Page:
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Company culture in the Baltic startup scene

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We tried something different this year and asked for your input within a Startup Scene Survey about the impact of 2020 on startups, investors and ecosystem players and their outlook ahead. We have analyzed the data and are gearing up for the launch of the Baltic Startup Scene Report 2020 in December (btw, you can sign up to be among the first to receive it when it’s live!), and in the meantime, we wanted to touch upon a trend we noticed. 

Dozens of people shared their experience and pointed out multiple challenges they face while working remotely. Some that repeatedly came out: loss of team vibe and company culture, communication hiccups, struggles with onboarding and team management, as well as work-life balance. And while we will be diving deeper into the hybrid work topic within this year’s report, we wanted to take you a bit back in time to the previous one and the topic of company culture that we covered last year. Dive into this longer read from the last year’s Baltic Startup Scene Report and find out the secret souce of Bolt, Printful, Nordigen and other culture-driven companies.

Having a fully fleshed-out company culture is a trademark of every successful modern enterprise. Whether it’s an up-and-coming startup, operated by a handful of college buds, or the corporate hallways of a seasoned company. Apart from being a clear sign of a forward-thinking enterprise, company culture is directly linked to employee satisfaction and productivity – a crucial relationship, and one that’s best not overlooked by any business-savvy team leader out there.

Today, a healthy, positive company culture is at the top of the qualities that job seekers hope to find when looking for their new job.

A different take on the theme

With a ripening local startup scene, the Baltic states display pretty much every quality that would feel at home in any other startup ecosystem, be it that of the United States or any other developed Western Country. While it’s easy to picture colorful yoga balls during a brainstorming session, the reality of the Baltic startups is a bit different.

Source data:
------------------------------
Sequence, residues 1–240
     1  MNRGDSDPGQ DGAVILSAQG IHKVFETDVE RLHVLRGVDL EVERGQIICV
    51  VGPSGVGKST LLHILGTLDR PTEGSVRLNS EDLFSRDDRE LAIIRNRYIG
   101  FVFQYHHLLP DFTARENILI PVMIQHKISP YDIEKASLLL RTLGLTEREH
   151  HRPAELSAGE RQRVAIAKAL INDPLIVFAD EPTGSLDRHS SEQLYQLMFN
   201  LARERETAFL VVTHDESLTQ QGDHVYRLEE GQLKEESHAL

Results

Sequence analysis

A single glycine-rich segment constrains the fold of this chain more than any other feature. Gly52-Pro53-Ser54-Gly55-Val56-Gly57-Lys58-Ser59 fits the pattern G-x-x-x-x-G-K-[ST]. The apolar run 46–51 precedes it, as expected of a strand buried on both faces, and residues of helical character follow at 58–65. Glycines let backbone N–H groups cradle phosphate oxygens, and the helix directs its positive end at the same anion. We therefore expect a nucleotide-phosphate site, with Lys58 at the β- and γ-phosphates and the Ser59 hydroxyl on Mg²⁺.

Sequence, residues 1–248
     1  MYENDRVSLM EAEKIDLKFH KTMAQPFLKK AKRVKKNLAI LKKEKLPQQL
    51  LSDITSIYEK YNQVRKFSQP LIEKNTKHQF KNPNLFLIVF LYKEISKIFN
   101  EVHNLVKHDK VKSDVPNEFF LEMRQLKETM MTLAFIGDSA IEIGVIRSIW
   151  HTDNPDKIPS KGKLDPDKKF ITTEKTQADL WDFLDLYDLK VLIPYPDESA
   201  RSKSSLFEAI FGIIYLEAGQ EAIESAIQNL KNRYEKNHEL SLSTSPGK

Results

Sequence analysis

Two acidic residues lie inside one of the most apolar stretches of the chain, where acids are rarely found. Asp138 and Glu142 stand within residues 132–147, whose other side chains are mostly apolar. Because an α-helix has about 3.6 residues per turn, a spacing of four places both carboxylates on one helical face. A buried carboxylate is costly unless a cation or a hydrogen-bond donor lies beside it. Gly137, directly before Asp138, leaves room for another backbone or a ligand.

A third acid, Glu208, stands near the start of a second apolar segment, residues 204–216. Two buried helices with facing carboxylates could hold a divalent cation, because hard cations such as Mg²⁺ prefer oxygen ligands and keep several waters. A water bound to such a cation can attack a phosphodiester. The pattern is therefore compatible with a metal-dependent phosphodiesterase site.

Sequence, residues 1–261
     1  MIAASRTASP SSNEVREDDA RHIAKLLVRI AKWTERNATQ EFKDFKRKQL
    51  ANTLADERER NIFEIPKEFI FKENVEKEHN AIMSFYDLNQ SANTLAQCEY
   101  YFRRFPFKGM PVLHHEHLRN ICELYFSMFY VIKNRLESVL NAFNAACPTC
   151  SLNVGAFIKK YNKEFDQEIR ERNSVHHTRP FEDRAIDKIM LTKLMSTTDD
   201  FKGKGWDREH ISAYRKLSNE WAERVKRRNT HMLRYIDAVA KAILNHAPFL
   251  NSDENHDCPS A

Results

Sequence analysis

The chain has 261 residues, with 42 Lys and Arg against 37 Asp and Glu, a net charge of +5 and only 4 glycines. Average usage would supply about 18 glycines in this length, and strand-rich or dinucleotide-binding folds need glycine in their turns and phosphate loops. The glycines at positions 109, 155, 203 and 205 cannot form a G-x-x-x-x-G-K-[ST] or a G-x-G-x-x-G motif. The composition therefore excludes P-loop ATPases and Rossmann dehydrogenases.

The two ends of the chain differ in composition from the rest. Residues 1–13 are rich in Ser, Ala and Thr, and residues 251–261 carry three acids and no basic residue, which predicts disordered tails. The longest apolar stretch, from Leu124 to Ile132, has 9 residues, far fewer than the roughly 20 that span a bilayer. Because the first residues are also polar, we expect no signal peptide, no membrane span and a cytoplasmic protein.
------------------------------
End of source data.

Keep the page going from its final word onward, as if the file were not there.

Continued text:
To get a better mental image, try picturing the same colorful startup scene you’d associate with the entrepreneurial giants residing in San Francisco, but distill it with a bit of Nordic restraint, a shared appreciation for punctuality and less enthusiasm for abrupt changes.

Practicing a blend of team-first culture, horizontal corporate culture and clan culture, startups in the Baltics tend to endorse collaborative process, employee independence, internally-driven work process and a family-like atmosphere.

Today, healthy, positive company culture is at the top of the qualities that job seekers hope to find when looking for their new job. However, it’s one thing to be aware of the concept and an entirely different one to successfully implement it in real life.

How company culture comes out in the Baltics

Many companies, startups, and scaleups have embraced an internal company culture. Some more vocally than others. And while there’s no one-size-fits-all approach, it is clear that the devil lies in the details and the most important factors to implementing company culture in an organization are: early implementation, repetition, communication and prioritization.

Here are a few ways Baltic startups are making these principles present in their organizations.

Clear communication of values

One of the defining factors of company culture is making it known to everyone within the organization. This lays the foundation for everyone to be on the same page and allows each individual to participate in driving the organization towards one unified goal.

For example, the founder and CEO of Bolt, Markus Villig, famously quipped that the initial company culture revolved around the idea that “there are no rules”. This has been a driving factor in continuing their rapid growth and “move fast and break things” attitude. This is still reflected in their approach to hiring, where they emphasize employee adaptability and resilience.

Startup Wise Guys, meanwhile, has a set of clearly-defined, get-shit-done-centric values, which must be continually communicated, as their program participants change with every batch. Being clear on what they stand for and what their approach is has helped attract startups and various partners that share the same values. As of last year, they have included a company culture and performance module in the acceleration program, and teach their startups early on that aside from product development, they actually have a company and team to build.